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3 Small LSAT-Resolutions for the New Year


Earlier this week, we discussed some resolutions to help you improve your LSAT score, become fabulously wealthy, find a girl/boyfriend, and generally improve your life (non-LSAT results not guaranteed). But there are some other, smaller habits you can implement in 2019 that will help with your LSAT studying, though they won’t help so much with those other things. If you’re studying for the LSAT this year, here are some things you should consider doing:

1. Make a study plan

It’s immensely helpful to set aside the time to make a study plan detailing what you plan to do and when you’ll do it by. Plans change, of course, and your study plan doesn’t need to be set in stone — but if you set a goal of, for instance, doing two practice tests per week in February, you’re a lot more likely to actually achieve that goal than if you’re flying blind. Your plan should include lessons that you want to complete, time for doing homework, which days you intend to take practice tests, and which practice test you intend to take.

2. Keep track of questions you got wrong

If you’re not doing this already, take a moment to create a quick spreadsheet for questions you’ve gotten wrong. It should include the test, section, and question number so that you can reference the question again in the future, the question type, and the date you attempted the question. It’s also a good idea to have a column in which you note the reason you got the question wrong.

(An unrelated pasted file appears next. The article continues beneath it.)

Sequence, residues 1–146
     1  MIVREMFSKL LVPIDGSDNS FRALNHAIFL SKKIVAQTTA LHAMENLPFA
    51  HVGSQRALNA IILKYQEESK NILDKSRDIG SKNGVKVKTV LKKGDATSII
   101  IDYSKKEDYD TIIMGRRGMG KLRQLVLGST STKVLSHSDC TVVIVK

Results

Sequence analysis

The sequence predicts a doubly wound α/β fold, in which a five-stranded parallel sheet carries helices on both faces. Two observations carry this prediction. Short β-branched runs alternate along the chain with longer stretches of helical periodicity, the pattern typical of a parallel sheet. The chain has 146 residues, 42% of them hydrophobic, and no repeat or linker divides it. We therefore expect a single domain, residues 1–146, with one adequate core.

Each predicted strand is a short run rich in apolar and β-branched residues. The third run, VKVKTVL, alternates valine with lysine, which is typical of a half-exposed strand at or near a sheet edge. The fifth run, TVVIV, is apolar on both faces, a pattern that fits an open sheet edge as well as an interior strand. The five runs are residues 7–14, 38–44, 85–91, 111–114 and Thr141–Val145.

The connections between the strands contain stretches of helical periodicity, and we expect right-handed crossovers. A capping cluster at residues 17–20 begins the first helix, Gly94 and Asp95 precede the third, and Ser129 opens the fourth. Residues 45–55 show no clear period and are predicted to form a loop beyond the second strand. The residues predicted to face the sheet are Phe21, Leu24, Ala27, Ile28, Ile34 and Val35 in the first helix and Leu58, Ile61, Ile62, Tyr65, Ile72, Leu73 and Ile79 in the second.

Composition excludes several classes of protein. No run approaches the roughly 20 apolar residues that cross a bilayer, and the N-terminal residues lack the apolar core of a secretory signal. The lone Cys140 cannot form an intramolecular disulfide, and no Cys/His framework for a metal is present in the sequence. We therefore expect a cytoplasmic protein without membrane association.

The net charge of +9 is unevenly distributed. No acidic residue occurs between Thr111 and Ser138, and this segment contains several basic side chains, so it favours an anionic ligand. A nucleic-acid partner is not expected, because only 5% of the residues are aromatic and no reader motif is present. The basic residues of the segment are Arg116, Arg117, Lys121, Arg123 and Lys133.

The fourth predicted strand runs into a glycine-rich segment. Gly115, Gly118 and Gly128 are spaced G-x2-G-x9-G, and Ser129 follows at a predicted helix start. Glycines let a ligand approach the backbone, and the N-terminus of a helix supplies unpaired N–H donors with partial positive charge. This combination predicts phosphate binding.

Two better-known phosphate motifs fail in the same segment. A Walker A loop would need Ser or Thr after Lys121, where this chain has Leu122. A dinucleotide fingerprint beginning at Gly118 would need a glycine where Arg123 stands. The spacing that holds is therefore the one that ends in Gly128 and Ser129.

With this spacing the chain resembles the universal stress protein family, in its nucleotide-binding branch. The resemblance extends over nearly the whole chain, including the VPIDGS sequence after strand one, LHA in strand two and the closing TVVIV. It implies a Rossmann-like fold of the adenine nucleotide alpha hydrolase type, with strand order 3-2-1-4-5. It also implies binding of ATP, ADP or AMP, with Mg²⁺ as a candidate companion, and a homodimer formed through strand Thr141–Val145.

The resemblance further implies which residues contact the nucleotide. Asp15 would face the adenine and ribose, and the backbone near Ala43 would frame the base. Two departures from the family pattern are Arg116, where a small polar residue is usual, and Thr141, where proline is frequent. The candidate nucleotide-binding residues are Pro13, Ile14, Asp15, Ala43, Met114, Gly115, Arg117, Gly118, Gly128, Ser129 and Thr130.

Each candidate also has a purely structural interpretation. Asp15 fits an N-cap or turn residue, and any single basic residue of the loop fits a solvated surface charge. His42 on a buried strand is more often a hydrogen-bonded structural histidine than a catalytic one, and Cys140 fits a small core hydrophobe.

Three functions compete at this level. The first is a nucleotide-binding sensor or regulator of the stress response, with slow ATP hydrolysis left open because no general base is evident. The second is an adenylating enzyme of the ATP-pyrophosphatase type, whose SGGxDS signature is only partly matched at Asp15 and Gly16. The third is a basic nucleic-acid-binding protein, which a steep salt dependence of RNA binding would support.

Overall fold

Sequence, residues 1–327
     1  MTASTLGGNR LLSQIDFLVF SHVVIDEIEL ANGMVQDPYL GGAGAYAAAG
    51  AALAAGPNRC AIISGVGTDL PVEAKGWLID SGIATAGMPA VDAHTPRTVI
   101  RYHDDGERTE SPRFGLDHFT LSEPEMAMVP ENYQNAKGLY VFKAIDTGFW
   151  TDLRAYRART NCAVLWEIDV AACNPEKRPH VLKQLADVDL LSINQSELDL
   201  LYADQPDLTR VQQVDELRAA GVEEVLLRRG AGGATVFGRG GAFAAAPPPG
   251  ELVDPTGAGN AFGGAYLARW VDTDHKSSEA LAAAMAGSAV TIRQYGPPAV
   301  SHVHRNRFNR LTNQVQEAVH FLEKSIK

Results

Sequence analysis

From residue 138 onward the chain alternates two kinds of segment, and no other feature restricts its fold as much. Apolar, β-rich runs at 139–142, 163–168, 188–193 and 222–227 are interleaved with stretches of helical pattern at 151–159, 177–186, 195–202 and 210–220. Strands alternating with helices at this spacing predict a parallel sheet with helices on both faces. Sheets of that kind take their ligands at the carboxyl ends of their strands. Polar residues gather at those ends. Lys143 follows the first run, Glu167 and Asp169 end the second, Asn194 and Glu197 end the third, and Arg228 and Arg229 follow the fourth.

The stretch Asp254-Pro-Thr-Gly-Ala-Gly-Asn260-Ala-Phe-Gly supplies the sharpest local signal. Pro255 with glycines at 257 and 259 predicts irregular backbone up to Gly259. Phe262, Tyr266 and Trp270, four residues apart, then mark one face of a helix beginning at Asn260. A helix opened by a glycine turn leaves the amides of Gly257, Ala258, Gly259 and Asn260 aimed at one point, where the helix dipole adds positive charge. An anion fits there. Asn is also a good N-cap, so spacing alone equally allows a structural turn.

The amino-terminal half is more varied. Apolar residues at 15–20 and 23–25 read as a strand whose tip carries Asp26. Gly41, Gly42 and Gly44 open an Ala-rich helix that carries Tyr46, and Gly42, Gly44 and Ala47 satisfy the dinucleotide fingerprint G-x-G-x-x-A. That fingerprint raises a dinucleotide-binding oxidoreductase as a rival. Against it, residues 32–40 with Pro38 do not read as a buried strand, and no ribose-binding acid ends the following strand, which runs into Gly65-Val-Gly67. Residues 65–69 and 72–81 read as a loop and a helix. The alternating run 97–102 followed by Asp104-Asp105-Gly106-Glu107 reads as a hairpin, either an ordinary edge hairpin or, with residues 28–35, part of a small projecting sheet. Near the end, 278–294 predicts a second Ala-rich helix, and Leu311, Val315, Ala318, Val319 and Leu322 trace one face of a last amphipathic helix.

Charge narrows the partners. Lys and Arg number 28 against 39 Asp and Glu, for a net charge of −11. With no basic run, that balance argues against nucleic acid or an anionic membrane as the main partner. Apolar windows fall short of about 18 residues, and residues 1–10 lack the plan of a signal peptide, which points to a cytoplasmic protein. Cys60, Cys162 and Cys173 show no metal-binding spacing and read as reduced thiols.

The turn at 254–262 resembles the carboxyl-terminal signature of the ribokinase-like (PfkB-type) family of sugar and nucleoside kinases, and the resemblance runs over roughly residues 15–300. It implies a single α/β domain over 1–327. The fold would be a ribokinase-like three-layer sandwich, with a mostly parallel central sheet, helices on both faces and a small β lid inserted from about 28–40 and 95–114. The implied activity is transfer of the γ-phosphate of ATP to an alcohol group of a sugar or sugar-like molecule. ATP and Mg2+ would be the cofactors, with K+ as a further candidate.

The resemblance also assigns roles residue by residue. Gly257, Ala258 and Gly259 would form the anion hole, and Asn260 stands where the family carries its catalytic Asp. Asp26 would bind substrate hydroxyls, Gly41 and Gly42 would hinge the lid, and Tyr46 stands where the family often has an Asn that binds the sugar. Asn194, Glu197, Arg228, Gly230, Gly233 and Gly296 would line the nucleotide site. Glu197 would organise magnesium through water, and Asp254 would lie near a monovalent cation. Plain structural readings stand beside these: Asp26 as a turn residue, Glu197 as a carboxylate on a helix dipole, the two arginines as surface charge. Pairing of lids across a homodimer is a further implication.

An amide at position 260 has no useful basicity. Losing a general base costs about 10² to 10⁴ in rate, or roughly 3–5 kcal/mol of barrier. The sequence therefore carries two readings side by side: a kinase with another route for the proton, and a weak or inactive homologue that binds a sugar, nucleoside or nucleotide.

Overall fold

There are two primary reasons having a spreadsheet like this is beneficial. Firstly, it’s another way to help yourself identify trends, both in the types of questions you’re getting wrong and the reasons you’re getting things wrong. It’s also a good way to double check your studying; after a few weeks have passed, you should go back and re-do the questions you originally got wrong. If you’ve properly reviewed the question and made sure you understand it, you should be able to get it right on the second attempt; if you get it wrong on that second try, that’s an indicator that you need to revisit the key concepts for that question.

3. Practice diagramming

Diagramming is the LSAT equivalent of eating your vegetables: It’s not the most fun or exciting, but you should do it anyway, because it’s good for you. After all, conditional statements appear almost everywhere on the LSAT, and understanding how to validly make inferences from them is guaranteed to improve your LSAT score. So this year, resolve to dedicate time to memorizing the conditional keywords and practicing questions involving conditional reasoning.

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